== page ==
STAR Market off to a flying start

Huang Yixuan Zhu Shenshen
The first batch of 25 stocks listed on China's new sci-tech board see prices surge by more than 84 percent on debut day with 16 companies posting gains of over 100 percent.
Huang Yixuan Zhu Shenshen

The first batch of 25 stocks listed on China's new sci-tech board on the Shanghai Stocks Exchange, known as the SSE STAR Market, began trading on Monday.

Shanghai Mayor Ying Yong said the opening of the STAR Market was a milestone in the development of China's capital market, a historic breakthrough in the science and technology innovation field and a new path for financial reform and opening-up.

"We believe that with the support of the STAR Market, more sci-tech companies will thrive on this fertile land and make greater contributions to China's high-quality development in science and technology," he said at the opening ceremony.

Mark Leung, CEO of JP Morgan China, said: "The STAR Market is a key part of China’s efforts to enhance the capital market’s capability to serve sci-tech innovation enterprises, raise market inclusiveness and strengthen market functions. It provides issuers with more choices in terms of listing and financing channels, and will play a major role in promoting technological innovation and market-oriented reform of the capital market."

Eugene Qian, president of UBS Securities, expected it to have a long-term positive impact on the A-share market, as its opening "not only helps tech-innovation companies finance and grow quickly, but also adds momentum to the capital market through the pilot of the registration system."

Sun Lijun, co-head of the firm’s corporate client solutions, said: "UBS Securities places great emphasis on the STAR Market. We hope to bring UBS's global investment banking and market-oriented pricing experiences to contribute to the development of the STAR Market." 

The brokerage has sponsored biopharmaceutical HaoHai Biological Technology to list on the STAR Market, and is also working on a pipeline for other STAR Market-related IPO projects.

The Nasdaq-style board focuses on companies in strategic emerging sectors, such as next-generation information technology, advanced equipment, new materials, new energy, energy saving, environmental protection and biomedicine.

Among the 25 companies listed on the new board, 13 are related to next-generation information technology, five focus on new materials, five are high-end equipment manufacturers, and two are in the biological industry.

"A series of new policies for the new STAR board will support sci-tech innovation enterprises to achieve great advances with stronger competitiveness and at a faster speed," said Yin Zhiyao, founder and chairman of Advanced Micro-Fabrication Equipment Inc China, a STAR-listed company which manufactures equipment used to make microchips.

"The STAR Market will become an important impetus to promote the high-speed development of China's high-tech industries," Yin said.

Stocks of all the 25 companies soared by more than 84 percent, with 16 companies posting gains of over 100 percent at close. Shares in Anji Technology Co, a company in the semiconductor industry, skyrocketed as much as 520 percent before trimming those gains a little to end the day with a 400.15 percent surge, making it the biggest gainer.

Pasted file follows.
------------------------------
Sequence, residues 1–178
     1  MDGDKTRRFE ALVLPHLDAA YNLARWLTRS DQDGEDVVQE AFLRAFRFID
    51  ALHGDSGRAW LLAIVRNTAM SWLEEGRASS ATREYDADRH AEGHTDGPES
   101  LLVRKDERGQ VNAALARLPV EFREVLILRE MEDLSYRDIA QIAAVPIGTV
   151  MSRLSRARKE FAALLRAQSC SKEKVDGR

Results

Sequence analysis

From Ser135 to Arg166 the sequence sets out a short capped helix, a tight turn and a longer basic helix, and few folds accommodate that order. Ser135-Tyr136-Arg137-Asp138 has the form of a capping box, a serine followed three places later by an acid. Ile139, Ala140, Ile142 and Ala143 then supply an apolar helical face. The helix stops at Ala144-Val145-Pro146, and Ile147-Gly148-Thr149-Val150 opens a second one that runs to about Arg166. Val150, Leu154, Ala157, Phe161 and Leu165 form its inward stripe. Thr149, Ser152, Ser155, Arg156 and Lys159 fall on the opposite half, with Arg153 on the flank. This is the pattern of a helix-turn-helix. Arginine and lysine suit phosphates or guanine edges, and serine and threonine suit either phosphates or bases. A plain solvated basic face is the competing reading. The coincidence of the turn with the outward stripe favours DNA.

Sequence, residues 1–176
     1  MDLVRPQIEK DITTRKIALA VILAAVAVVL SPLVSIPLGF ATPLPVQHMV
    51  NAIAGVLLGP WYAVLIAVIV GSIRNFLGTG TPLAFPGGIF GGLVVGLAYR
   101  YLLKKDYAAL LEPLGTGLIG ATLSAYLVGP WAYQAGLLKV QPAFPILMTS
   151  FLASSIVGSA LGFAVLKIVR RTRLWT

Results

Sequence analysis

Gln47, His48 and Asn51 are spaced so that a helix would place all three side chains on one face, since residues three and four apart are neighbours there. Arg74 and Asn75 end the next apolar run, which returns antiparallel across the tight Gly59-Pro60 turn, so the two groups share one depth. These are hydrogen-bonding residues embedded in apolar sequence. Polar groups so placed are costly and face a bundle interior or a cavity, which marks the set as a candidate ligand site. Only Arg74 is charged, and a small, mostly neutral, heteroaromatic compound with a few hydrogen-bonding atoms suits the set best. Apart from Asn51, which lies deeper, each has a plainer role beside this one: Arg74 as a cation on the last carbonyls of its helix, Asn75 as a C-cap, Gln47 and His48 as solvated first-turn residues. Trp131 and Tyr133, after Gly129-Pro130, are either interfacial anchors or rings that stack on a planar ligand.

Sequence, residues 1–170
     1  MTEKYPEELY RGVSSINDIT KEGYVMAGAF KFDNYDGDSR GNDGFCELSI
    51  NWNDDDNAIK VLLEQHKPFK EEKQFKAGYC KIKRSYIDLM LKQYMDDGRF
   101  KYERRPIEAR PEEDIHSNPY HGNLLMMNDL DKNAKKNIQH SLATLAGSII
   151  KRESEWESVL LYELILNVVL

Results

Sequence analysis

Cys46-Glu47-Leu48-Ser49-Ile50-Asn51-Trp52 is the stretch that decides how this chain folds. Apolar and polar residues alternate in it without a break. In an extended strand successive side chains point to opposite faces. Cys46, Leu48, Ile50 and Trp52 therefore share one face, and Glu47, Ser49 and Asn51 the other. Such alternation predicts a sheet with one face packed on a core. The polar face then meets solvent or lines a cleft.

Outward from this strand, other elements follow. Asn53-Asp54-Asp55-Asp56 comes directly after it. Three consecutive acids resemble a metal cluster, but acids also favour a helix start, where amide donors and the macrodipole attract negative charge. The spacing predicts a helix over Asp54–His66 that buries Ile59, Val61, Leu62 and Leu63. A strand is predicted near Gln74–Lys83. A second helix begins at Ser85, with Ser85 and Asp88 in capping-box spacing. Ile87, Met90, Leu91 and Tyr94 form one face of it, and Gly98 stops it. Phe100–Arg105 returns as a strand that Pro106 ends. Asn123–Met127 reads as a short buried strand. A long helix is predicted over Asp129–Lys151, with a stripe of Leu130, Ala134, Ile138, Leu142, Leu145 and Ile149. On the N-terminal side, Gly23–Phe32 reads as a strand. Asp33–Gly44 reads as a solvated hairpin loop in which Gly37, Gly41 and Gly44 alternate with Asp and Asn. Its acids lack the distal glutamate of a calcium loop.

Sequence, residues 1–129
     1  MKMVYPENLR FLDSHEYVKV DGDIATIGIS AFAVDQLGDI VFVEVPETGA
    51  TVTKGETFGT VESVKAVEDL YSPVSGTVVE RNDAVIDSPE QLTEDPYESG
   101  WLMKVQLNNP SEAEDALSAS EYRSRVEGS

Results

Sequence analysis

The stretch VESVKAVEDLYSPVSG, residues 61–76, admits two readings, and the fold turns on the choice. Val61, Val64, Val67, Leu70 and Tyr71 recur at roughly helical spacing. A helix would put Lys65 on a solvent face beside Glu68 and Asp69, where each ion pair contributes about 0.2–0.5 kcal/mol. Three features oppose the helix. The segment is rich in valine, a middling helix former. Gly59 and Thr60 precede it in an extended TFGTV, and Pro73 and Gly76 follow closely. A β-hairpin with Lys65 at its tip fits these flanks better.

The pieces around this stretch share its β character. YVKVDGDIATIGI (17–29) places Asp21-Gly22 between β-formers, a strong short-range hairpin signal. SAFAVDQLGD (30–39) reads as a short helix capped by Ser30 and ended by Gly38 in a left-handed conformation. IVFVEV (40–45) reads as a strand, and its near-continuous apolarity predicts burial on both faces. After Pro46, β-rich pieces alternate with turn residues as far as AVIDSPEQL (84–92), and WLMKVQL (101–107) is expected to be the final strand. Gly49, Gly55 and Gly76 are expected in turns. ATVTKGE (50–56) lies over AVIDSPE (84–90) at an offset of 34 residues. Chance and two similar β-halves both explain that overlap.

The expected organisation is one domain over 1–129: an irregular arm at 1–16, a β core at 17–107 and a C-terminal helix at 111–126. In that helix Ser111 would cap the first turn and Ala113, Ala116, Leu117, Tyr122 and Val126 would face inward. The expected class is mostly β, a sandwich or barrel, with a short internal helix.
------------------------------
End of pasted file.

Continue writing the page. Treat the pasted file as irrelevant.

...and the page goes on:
Wang Yuxiang, chairman of Beijing PIESAT Information Technology Co, which specializes in the research and application of satellite technology, said he was satisfied with the surging stock price at the opening, and the company will use the funds raised to further promote research and development.

Trading in some shares had to be temporally halted for 10 minutes, under new market rules, to “cool down” after surging 30 percent.

That was in contrast to the mainstream Shanghai trading board, where price gains are capped at 44 percent on debut days and trading swings are limited to 10 percent a day for the duration of trading. The no-limit price will last for the first five trading days, following a 20 percent daily cap, according to the rule of the STAR Market.

Trade volume of the 25 firms reached 48.5 billion yuan (US$7.13 billion). 

“It’s a bright start of the STAR Market. The market will adjust by itself to the companies’ true value with experienced investors,” Zhu Bin, chief strategy analyst of the Southwest Securities, said in a note.

To participate in the new market, individual investors must have 500,000 yuan worth of financial assets in their A-share trading accounts, as well as two years’ trading experience.

China Railway Signal & Communication Group’s market value hit 130 billion yuan on Monday to become No. 1 by market value among the 25 firms. The company, which offers communications systems for railway networks, jumped 109.7 percent to close at 12.27 yuan. 

The new shares jumped despite relatively high IPO valuations — the IPOs were heavily oversubscribed among retail investors.

The average price-to-earnings (PE) ratio of the 25 firms was 53 times their 2018 earnings. By comparison, the PE ratios of previous IPOs on mainstream Chinese boards were no greater than 23.

Compared with PE, investors should focus more on a company's research spending and innovation, which represents long-term development, analysts said. 

ArcSoft, which offers AI services and solutions, spends about 32 percent of revenue on research, the highest among the 25 firms. It jumped 127 percent to 65.55 yuan on Monday.

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